All about Hoodia
Originally Published: December 9, 2011 - Last Updated / Reviewed On: June 18, 2015
Does the supplement hoodia really act as an appetite suppresant?
Does hoodia really work & how do you buy the right brand?
I just read a website recommending the benefits of hoodia, a cactus that produces a substance that supposedly takes away one's appetite with no bad side effects. What do you know about it?
Hoodia has been touted as a succulent that has remarkable appetite-suppressing qualities, but thus far, those claims don't hold water. The Hoodia craze has been fueled by the pharmaceutical companies in the United States and South Africa who claim that the San, a tribe in Africa, consume the hoodia to stave off hunger and/or thirst during their long treks through the Kalahari Desert.
Researchers have isolated a set of chemicals, called P57, thought to be the cause of the appetite-suppressing qualitites of hoodia. Researchers injected the P57 into rats. It appeared to suppress the rats' appetites, without causing other effects. A series of follow-up studies have indicated that the chemical acts on the appetite-regulation center of the brain, which is located in the hypothalamus. Few studies on hoodia's effect on humans, however, have been conducted. As a result, many health care providers are hesitant to support the use of hoodia as either effective or safe.
The drug company Pfizer worked for years to develop hoodia as an obesity drug but gave up after they could not create an acceptable synthetic version. What remains unclear is whether or not the supplement could actually help a person shed pounds, whether or not it could do so safely, what the long-term effects of taking it might be, and what dose would be needed for it to work.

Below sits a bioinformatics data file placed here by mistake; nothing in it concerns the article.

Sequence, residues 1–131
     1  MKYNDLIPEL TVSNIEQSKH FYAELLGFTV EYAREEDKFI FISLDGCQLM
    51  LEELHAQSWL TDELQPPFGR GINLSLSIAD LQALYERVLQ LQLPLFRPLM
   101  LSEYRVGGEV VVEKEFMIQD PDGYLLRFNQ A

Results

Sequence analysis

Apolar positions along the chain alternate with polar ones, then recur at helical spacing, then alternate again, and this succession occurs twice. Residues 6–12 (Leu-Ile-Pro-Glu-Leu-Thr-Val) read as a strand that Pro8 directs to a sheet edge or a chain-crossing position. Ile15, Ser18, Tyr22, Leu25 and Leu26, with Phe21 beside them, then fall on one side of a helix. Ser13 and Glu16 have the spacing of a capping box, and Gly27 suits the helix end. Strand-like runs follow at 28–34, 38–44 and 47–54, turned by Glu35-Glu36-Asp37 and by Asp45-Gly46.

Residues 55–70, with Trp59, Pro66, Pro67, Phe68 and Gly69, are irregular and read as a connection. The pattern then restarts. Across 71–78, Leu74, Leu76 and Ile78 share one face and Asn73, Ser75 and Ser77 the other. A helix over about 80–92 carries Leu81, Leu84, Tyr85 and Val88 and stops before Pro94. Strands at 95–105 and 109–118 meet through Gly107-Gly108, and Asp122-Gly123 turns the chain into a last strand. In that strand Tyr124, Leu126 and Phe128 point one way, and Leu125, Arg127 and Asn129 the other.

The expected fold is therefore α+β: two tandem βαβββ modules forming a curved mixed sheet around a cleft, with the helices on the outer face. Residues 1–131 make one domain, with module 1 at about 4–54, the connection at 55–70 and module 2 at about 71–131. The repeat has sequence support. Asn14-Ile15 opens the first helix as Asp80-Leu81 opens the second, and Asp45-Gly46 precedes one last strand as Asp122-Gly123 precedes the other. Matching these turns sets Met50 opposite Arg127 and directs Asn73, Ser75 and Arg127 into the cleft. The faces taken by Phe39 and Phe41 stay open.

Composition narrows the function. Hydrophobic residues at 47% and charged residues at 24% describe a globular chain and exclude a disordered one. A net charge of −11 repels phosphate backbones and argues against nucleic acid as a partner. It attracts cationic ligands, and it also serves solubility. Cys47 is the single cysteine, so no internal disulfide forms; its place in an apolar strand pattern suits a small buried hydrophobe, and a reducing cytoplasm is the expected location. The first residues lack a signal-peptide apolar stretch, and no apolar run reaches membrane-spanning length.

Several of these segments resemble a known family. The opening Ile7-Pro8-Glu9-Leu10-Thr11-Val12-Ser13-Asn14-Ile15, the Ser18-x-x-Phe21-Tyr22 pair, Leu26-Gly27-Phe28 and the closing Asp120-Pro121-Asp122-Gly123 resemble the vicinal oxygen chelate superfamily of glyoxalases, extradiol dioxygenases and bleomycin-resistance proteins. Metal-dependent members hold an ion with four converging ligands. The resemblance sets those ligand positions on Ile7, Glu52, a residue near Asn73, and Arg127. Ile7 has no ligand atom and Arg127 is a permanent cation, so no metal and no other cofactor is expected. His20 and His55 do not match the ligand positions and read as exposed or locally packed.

Also up for debate is whether or not the San people actually consume the plant as an appetite suppressant. Many contend that the cactus is consumed for its water content. And even if it did work as an appetite suppressant for the San, the conditions of life in the U.S. are remarkably different (i.e., the San are more physically active, people in the U.S. consume a very different diet, and have more access to food than the San).
The final concern with hoodia has to do with the lack of diet industry regulations in the United States. As with many supplements, the amounts of hoodia in each type can vary greatly. Some companies even sell hoodia supplements that contain no hoodia! Further, no research is available to support what dose of hoodia is needed to produce the desired effects safely.
Due to both the lack of research and regulation on the supplement, it may be best to opt for other options when it comes to weight management until more is known about it. Check out I need an effective, short-term weight loss and toning plan for more well–researched methods of weight loss.